Electrical construction is dangerous work. Electrical contractors and workers must always adhere to safety best practices. Just what are those practices? The following articles, listed chronologically by date, document safety measures and practices that help ensure everyone gets home safely at the end of the work day. 

The first thing that comes to mind when thinking of the Occupational Safety and Health Administration (OSHA) is government regulation compliance.

“Properly” and “Maintained”—these two words always come up when discussing arc flash hazards. Why? Because protective devices such as circuit breakers and relays that have not been properly maintained may not operate as quickly as they should.

There are many frequently asked questions about performing an arc-flash study (risk assessment) and understanding electrical safety requirements. A careful read of standards such as NPFA 70E or IEEE 1584 can answer some questions. Yet, other questions can be more complex.

Contact with electrical current is one of the leading causes of occupational injuries and fatalities. Due to the nature of their jobs, wire and line workers carry an exponential risk for being involved in these types of incidents.

More on Safety

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Orientations, Task Training and Safety Meetings

Orientations, safety talks, task training, job briefings and safety meetings each require an interaction between the company and the employee.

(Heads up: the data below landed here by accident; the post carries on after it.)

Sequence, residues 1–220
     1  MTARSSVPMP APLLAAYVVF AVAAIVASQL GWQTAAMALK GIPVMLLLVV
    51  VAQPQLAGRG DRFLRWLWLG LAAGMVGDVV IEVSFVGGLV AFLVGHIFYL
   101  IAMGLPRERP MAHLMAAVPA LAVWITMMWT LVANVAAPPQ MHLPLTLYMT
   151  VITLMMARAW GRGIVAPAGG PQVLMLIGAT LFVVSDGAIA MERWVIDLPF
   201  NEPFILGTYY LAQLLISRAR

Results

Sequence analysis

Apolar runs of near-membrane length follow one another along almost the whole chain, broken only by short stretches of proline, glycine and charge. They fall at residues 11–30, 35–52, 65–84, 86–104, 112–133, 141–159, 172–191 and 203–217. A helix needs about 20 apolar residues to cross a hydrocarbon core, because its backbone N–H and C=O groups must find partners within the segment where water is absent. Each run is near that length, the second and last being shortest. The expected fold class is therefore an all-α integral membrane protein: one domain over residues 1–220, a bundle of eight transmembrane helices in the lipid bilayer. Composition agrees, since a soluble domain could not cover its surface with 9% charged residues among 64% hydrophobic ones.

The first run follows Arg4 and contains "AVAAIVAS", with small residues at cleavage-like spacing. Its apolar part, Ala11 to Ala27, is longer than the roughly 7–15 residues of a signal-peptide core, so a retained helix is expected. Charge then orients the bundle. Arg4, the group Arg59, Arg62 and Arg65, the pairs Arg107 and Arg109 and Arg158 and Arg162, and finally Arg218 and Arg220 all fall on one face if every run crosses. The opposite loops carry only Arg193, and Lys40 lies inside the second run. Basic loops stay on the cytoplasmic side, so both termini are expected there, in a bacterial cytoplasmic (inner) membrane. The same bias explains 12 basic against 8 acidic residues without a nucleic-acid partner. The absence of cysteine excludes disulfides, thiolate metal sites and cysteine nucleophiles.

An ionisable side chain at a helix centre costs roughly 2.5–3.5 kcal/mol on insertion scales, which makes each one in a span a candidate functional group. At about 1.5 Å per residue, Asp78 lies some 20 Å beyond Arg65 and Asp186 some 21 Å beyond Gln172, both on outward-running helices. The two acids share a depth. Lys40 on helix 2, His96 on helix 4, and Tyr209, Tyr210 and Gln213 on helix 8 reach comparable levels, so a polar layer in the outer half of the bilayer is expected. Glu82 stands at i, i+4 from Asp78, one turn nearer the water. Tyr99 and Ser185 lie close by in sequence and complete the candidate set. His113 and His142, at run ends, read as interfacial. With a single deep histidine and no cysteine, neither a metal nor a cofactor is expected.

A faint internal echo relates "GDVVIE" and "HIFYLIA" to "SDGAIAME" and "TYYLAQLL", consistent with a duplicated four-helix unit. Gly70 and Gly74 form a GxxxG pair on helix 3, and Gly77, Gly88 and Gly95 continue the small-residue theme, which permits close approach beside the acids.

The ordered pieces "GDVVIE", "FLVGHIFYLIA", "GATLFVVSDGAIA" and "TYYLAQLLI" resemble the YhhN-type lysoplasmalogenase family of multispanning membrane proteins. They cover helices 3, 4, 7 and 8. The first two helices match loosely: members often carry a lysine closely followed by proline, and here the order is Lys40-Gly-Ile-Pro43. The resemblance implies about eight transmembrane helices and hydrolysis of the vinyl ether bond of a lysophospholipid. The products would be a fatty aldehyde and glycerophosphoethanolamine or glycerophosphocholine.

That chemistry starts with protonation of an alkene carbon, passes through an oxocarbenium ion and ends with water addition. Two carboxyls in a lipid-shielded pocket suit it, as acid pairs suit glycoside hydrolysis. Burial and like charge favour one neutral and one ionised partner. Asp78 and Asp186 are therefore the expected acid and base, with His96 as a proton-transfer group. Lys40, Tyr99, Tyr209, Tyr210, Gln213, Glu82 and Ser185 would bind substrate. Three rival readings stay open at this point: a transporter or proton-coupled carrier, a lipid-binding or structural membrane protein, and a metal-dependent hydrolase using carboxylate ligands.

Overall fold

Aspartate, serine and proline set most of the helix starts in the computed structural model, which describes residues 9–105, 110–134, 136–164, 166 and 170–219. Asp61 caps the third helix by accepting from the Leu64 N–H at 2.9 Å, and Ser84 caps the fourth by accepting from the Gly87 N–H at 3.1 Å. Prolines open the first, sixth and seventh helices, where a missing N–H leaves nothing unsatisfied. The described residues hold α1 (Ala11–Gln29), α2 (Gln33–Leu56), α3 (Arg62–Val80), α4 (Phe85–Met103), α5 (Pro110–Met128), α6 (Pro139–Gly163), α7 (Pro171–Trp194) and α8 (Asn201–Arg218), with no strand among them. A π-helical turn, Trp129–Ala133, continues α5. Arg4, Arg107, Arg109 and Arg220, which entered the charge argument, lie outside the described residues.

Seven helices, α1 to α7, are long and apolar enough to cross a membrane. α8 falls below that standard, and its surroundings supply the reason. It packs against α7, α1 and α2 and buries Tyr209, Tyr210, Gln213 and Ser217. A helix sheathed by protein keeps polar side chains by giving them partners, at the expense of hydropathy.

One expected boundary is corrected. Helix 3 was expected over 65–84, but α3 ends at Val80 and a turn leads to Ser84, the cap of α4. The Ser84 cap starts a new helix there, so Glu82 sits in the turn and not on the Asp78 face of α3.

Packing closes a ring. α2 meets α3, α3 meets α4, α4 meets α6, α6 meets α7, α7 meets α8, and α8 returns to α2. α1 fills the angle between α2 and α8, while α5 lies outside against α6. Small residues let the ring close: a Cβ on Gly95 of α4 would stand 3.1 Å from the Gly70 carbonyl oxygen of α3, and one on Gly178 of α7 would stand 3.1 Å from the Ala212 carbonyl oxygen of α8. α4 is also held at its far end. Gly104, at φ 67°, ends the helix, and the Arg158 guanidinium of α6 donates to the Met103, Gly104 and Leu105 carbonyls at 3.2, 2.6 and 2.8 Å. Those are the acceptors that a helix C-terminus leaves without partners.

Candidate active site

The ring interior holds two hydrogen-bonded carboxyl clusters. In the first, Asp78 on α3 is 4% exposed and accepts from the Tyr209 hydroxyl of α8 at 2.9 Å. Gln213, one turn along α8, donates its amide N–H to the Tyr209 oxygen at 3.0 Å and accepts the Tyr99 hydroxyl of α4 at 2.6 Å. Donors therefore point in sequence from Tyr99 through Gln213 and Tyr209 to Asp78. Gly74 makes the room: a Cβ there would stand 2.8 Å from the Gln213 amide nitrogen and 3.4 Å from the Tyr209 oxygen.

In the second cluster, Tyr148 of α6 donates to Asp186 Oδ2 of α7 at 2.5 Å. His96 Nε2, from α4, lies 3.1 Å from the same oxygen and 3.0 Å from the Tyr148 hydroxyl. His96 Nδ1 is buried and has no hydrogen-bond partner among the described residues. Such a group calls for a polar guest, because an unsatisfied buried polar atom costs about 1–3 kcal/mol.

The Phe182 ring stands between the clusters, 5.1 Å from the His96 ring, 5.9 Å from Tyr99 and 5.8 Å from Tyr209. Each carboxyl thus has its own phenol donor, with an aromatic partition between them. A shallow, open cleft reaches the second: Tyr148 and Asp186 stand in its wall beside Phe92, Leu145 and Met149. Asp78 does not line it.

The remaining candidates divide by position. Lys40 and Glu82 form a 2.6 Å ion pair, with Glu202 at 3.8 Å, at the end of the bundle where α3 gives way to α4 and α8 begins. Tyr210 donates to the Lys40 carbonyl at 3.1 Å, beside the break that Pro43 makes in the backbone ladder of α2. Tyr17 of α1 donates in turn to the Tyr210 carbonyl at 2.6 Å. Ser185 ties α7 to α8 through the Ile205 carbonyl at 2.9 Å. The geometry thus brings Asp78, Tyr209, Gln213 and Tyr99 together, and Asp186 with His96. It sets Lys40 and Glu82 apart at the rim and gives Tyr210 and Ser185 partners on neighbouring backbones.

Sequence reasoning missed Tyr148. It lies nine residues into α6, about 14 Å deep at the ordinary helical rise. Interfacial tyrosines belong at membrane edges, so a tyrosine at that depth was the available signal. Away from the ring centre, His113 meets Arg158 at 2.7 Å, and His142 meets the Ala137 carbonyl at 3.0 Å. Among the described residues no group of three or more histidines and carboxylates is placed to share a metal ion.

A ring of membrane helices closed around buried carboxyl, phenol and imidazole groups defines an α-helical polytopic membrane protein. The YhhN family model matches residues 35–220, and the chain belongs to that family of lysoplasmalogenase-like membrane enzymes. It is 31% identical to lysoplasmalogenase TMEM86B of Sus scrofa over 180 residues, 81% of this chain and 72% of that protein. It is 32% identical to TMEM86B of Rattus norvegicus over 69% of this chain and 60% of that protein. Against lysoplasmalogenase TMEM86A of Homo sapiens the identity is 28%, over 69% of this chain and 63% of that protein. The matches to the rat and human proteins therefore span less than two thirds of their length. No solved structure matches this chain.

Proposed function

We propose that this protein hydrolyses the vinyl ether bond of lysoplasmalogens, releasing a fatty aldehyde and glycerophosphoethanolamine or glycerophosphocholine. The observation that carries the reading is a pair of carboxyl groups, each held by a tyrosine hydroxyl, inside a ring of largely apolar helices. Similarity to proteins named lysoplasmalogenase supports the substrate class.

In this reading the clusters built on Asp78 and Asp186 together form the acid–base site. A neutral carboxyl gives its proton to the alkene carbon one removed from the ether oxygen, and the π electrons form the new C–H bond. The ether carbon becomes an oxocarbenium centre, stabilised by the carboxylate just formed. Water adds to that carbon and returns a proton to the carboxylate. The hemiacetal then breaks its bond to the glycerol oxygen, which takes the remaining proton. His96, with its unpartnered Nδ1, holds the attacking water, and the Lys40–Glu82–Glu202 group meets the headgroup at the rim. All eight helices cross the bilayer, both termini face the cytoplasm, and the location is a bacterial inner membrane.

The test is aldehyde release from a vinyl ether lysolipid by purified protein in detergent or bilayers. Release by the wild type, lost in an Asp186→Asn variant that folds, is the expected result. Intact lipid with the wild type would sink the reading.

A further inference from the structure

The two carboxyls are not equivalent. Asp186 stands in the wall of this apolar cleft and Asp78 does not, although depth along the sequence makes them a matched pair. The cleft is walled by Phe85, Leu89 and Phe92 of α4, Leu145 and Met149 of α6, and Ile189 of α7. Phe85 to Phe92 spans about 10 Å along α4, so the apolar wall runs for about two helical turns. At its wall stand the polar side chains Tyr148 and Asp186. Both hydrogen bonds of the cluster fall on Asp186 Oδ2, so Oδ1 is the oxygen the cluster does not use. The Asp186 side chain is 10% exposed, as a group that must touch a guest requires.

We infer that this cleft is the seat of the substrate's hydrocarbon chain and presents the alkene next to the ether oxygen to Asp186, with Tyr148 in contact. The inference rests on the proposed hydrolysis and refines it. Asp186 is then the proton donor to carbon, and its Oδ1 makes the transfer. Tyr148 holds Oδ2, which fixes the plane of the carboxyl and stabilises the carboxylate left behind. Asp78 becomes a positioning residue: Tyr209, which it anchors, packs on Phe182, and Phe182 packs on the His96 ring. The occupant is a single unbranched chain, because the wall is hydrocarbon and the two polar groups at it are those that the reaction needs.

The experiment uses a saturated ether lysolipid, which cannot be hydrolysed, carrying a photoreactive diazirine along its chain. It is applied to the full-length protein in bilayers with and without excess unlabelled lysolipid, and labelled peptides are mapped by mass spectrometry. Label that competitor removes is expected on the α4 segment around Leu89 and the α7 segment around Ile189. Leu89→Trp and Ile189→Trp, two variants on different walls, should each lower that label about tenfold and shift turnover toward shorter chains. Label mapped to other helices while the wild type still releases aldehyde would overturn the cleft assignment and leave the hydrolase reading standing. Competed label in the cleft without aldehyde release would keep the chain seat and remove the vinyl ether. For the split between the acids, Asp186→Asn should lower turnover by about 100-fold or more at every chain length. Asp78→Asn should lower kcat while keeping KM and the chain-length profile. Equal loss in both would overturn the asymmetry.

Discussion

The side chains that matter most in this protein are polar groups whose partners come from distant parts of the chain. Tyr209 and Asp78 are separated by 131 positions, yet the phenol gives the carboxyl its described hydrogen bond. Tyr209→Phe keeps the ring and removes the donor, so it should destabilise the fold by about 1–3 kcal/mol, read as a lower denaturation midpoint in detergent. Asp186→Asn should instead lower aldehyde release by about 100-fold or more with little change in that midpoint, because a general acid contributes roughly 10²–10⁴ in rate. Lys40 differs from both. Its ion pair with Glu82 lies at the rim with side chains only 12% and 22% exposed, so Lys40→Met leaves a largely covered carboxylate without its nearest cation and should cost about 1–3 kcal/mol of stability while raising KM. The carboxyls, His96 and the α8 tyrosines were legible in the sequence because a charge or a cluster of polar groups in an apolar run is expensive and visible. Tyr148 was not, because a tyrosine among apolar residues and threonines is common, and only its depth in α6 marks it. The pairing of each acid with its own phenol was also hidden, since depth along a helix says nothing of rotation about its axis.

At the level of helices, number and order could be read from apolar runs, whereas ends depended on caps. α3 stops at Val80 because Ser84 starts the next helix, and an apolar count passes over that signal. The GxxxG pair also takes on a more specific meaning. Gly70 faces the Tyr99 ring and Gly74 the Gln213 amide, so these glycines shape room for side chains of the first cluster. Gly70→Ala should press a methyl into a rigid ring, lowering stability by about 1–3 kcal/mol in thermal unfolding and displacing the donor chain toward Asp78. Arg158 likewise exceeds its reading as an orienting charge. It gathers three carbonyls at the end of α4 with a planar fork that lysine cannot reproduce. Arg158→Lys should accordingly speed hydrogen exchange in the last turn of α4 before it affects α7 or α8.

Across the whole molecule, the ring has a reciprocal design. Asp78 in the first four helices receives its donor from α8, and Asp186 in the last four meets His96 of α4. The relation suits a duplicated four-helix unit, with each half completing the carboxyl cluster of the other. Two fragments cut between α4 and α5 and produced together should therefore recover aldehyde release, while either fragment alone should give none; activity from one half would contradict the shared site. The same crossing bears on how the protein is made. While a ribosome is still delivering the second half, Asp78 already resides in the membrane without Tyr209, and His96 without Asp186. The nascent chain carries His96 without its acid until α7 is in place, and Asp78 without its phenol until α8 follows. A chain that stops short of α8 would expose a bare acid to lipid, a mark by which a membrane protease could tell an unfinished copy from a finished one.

Excavating And Trenching

According to the U.S. Bureau of Labor Statistics, more than 50 workers die annually in excavation and trenching accidents. Though most electricians are not directly involved in excavating operations, electrical workers may get involved when completing underground line work.

Competence And Communication

Recently, I read an article in American School and University magazine by Tom Tapper that discusses competence and communication. Although his article focuses on education, it caused me to consider what the words “competence” and “communication” mean in our fire alarm systems profession. 

Arc rating only

Label Enabled

“What do you mean we need to relabel the electrical equipment? Didn’t we just do this a few years ago?”

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How Engaged Is Your 'Management' With 'Safety on The Job'?

We have heard from the Occupational Safety and Health Administration (OSHA) and the industry that, for a safety program to be effective, management must be involved. What does that mean? Do they only fund the program? Does management hire just one person to oversee safety?

Stay Ahead Of The Spark

The leading cause of residential fires in the United States each year—and the second leading cause of nonresidential fires—is electrical failure and malfunction.

Hot, Humid And Healthy

During the summer, hot weather increases the risk for heat-related injuries and illnesses. Since 2008, more than 100 workers have been killed on the job as a result of heat stress.